Eliminate the baroque floating-point operators a la !<>=

Don nospam at nospam.com
Sun May 17 13:07:24 PDT 2009

dsimcha wrote:
> == Quote from Andrei Alexandrescu (SeeWebsiteForEmail at erdani.org)'s article
>> Hello,
>> I think the floating-point operators:
>>    a !<>= b
>>    a !<> b
>>    a <> b
>>    a <>= b
>>    a !> b
>>    a !>= b
>>    a !< b
>>    a !<= b
>> are useless. A simple peephole optimization in the compiler can
>> automatically rewrite NaN test followed by regular operations into the
>> operations above, for example:
>> isNaN(a) || isNan(b) || a >= b
>> is the same as
>> a !< b
>> This is in keeping with what the compiler does when seeing code like:
>> a = x / y;
>> b = x % y;
>> There's a peephole optimization that groups the / and the % together
>> into an assembler operation that does both. If this is the way to go, we
>> better be congruent and use explicit isNaN tests (that are then
>> optimized) instead of defining eight extra operators.
>> Andrei
> I personally would like to see the whole NaNs not having a defined ordering thing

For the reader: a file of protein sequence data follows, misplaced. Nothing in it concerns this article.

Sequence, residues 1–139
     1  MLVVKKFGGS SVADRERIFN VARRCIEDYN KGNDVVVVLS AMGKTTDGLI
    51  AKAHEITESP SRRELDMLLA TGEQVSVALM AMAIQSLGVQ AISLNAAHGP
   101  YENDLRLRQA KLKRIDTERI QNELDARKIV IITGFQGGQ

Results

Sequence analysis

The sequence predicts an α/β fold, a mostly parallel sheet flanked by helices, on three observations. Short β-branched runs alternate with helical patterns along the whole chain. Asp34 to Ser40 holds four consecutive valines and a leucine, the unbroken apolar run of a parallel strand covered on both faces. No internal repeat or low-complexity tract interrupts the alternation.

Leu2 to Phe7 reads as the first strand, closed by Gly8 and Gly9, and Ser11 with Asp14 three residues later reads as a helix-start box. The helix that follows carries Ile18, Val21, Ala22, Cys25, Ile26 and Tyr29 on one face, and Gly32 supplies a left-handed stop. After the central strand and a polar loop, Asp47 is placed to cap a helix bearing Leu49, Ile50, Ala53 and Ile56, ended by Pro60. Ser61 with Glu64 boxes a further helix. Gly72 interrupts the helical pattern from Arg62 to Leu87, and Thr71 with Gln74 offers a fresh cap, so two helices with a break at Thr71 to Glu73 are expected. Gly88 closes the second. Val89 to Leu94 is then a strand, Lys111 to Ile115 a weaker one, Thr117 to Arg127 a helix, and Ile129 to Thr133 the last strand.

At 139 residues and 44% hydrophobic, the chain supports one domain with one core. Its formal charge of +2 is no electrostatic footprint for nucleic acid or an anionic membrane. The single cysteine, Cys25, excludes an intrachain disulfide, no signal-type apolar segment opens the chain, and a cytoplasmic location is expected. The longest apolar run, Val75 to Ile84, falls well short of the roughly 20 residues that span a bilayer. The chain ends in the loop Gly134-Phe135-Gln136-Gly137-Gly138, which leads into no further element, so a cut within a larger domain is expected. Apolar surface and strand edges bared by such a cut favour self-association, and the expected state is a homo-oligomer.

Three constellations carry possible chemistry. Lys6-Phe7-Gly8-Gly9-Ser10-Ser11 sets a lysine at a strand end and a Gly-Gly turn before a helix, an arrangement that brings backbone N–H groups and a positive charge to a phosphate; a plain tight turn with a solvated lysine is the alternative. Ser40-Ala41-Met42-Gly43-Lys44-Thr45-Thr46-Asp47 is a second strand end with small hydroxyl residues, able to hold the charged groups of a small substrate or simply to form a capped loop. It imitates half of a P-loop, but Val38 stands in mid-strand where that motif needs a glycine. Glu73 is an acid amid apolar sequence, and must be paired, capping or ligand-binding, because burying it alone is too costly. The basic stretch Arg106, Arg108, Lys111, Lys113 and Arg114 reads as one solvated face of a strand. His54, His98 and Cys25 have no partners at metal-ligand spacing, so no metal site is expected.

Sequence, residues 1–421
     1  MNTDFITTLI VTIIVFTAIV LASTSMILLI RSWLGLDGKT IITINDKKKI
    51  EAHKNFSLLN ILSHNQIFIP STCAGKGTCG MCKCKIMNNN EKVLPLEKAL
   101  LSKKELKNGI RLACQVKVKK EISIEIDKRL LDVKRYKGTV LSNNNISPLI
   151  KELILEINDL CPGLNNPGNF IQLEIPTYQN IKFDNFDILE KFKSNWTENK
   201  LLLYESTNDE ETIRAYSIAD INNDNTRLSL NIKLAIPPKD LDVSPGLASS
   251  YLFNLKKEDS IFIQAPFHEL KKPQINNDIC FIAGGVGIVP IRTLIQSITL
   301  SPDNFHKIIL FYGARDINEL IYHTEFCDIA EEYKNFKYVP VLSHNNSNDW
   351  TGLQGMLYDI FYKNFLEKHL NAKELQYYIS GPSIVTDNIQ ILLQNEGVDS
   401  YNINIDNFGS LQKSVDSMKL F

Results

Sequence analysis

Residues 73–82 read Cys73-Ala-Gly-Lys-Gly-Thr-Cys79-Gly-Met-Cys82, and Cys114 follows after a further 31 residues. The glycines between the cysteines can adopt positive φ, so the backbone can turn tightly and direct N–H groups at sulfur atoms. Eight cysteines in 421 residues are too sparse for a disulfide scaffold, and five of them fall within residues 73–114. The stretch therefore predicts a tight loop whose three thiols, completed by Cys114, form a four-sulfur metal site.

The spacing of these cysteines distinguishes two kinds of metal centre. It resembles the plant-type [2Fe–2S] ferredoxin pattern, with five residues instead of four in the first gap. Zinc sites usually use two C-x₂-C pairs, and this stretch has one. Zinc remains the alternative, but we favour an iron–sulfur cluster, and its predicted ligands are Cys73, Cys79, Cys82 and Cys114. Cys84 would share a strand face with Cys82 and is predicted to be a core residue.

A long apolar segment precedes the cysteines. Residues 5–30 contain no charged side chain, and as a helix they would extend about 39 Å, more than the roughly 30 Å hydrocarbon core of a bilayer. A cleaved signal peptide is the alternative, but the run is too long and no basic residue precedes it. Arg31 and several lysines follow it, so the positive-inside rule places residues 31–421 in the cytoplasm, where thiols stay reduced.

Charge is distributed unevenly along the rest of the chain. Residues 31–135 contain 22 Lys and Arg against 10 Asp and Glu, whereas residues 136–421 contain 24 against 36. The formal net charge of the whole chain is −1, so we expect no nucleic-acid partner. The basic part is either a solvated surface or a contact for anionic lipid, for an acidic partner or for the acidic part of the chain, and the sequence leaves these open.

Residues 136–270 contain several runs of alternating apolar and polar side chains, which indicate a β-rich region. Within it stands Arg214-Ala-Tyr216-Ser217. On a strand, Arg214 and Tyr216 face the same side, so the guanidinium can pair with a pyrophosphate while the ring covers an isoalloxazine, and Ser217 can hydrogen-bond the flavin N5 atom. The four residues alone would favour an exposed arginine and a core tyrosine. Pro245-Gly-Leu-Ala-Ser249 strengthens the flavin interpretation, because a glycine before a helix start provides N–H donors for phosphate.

> done away with entirely.  This probably won't happen b/c it's (I would guess) in
> the IEEE standard.  However, the fact that a NaN is not less than, equal to, or
> greater than, anything creates an extremely annoying special case when doing
> generic programming for anything that requires a total ordering, such as trees and
> sorting.

Agreed. It's quite ridiculous that x==x fails for some values of x 
(namely NaN). On this NG, I've mentioned the rationale for why that is 
(eg, if NaN==NaN, then sqrt(-4) == sqrt(-9)). But unfortunately, in 
solving an obscure corner case, the IEEE standard destroyed one of the 
most basic axioms in mathematics. It's one of those things that Seemed 
Like A Good Idea At The Time. The cure is a millions times worse than 
the disease. But it's in hardware, so it's Too Late Now.

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